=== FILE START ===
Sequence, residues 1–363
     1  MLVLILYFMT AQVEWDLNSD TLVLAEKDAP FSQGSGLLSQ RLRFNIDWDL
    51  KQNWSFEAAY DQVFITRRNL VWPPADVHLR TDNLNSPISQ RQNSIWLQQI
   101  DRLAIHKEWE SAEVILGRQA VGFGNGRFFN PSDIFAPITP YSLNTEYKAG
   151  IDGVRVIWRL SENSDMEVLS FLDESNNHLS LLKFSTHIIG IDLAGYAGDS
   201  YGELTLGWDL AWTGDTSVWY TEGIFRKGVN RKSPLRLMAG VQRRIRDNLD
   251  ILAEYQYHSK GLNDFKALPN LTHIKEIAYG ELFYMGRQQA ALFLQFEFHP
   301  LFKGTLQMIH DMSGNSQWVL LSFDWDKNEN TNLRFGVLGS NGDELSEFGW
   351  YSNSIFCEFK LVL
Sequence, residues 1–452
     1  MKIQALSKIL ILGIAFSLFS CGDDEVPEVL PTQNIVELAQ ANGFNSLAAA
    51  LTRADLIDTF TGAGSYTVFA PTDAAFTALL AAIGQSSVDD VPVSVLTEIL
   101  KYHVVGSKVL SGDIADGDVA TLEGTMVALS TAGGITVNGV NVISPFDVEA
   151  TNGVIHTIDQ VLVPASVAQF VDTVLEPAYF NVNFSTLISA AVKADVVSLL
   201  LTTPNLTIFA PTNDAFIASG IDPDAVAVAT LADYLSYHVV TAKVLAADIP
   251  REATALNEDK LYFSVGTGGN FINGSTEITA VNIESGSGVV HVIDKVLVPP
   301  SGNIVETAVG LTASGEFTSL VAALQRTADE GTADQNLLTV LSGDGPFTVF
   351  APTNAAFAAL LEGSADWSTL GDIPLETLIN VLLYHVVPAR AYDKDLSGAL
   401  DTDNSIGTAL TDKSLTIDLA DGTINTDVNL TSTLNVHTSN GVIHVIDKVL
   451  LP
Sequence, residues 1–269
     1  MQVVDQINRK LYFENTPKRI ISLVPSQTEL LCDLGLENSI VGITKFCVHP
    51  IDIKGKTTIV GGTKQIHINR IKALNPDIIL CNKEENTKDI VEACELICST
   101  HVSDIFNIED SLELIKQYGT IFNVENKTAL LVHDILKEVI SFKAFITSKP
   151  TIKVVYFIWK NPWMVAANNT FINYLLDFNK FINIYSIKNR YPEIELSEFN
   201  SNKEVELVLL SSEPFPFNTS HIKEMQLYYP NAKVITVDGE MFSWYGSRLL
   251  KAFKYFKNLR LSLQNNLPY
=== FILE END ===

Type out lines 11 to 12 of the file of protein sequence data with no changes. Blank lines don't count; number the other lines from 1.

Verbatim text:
     1  MKIQALSKIL ILGIAFSLFS CGDDEVPEVL PTQNIVELAQ ANGFNSLAAA
    51  LTRADLIDTF TGAGSYTVFA PTDAAFTALL AAIGQSSVDD VPVSVLTEIL